Understanding Anorexia Nervosa
Do you constantly feel that you are overweight when you are not? Have you always had health, body, and self-image issues? Be careful because you might be suffering from anorexia nervosa!
What is Anorexia Nervosa?
Along with bulimia, anorexia nervosa is one of the most common psychological disorders in the United States today. Many young females, ranging from age 10-25 are commonly hospitalized and treated for this disease. Anorexia nervosa is an illness in which a person refuses to eat, and exercises vigorously, in order not to get fat. Anorexics suffer from a distorted view of body image, and commonly think that he or she is too fat, and must “diet” in order to get thinner.
Paradoxically though, anorexics often have a preoccupation with food, and may know a lot of facts about food and cooking. Some anorexics even love preparing food for their families and loved ones, though they rarely touch the food themselves. They even have rituals in eating that discourage them to eat properly. Some have awkward eating positions, put too many condiments on their food, and drink water to fill them up. Another important behavioral characteristic of anorexics is they spend inordinate amounts of time in looking at themselves, and commenting at their “fat” bodies. They engage in so much exercise; in fact, they dedicate a lot of time in exercising, that they engage in very strenuous movements.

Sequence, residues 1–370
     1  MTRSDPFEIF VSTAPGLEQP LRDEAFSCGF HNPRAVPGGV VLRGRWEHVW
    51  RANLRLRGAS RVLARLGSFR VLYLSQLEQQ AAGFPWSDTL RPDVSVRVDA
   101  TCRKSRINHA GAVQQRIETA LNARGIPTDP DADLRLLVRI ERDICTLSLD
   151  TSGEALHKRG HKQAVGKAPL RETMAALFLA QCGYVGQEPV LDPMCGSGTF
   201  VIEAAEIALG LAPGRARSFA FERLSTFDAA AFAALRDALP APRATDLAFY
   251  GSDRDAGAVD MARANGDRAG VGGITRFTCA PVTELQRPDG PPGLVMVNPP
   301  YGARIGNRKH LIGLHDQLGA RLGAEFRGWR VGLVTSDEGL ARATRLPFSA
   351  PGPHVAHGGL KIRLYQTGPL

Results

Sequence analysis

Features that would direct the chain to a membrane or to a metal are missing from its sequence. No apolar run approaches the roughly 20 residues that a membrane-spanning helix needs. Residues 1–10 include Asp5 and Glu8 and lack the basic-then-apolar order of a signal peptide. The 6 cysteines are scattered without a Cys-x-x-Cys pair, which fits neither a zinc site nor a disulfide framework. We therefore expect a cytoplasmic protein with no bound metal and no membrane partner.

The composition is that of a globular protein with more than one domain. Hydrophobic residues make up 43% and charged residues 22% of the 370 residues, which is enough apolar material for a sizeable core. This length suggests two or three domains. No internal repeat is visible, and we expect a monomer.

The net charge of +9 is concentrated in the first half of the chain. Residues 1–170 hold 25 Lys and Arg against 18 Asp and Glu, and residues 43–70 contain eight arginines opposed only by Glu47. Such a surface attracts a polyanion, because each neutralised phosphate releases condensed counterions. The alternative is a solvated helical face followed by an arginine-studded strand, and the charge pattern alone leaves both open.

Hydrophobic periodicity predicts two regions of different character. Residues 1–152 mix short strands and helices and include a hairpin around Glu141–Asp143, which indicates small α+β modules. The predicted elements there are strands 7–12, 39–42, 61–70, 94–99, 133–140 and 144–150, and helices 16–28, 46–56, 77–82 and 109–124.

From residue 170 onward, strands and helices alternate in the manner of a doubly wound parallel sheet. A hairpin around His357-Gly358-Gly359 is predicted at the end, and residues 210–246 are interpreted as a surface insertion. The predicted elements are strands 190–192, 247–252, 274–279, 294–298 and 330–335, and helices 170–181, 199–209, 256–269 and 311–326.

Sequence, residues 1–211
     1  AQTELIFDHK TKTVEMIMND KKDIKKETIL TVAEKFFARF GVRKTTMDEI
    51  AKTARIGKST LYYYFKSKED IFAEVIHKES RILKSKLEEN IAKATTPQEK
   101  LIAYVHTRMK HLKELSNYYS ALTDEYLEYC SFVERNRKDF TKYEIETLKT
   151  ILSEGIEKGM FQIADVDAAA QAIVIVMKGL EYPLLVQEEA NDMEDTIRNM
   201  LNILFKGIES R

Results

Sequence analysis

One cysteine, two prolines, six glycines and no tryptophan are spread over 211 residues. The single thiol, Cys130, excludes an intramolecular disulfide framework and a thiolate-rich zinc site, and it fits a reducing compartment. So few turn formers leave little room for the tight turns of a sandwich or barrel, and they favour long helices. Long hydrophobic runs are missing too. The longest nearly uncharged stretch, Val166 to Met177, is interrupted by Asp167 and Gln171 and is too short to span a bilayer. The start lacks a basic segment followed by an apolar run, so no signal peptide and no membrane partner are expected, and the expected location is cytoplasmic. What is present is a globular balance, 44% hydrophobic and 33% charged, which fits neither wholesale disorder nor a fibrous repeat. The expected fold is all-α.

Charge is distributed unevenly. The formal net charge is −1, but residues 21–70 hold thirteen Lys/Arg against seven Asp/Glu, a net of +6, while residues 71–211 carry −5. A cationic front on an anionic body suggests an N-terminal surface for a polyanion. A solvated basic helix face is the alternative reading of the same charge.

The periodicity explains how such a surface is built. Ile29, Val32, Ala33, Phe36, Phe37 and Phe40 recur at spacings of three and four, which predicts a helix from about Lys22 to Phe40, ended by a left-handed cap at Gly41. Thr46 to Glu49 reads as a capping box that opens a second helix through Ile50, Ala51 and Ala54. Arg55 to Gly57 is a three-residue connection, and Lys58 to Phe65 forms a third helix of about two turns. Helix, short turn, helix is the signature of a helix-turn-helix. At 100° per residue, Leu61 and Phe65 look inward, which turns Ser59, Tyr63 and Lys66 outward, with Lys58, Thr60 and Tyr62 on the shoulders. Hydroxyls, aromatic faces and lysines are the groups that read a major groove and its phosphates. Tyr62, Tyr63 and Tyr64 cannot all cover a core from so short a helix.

Its Effects on Health
Anorexics face a host of related health conditions in relation to their illness. They typically grow lanugo, or soft downy hair in their skin, in response to their much lower consumption of food. Lanugo preserves body heat, and energy. Anorexics also become emaciated, and may suffer from malnutrition as a result. Often, anorexics are also bulimics, complicating their treatment. Together with bulimia, these illnesses are the leading causes of death due to a mental disorder.
Treatment for Anorexia Nervosa
Treatment for anorexics is varied. Normally, they are subjected to a continuous re-feeding program, in order to provide them with necessary nutrients, and not shock their bodies accustomed to consuming so little food. They are also given anti-depressants, and are subjected to therapy to unearth the causes of their illness. For family and friends, it is essential to engender an atmosphere of affirmation and compassion for anorexics, in order for them to recover. More on that in my article.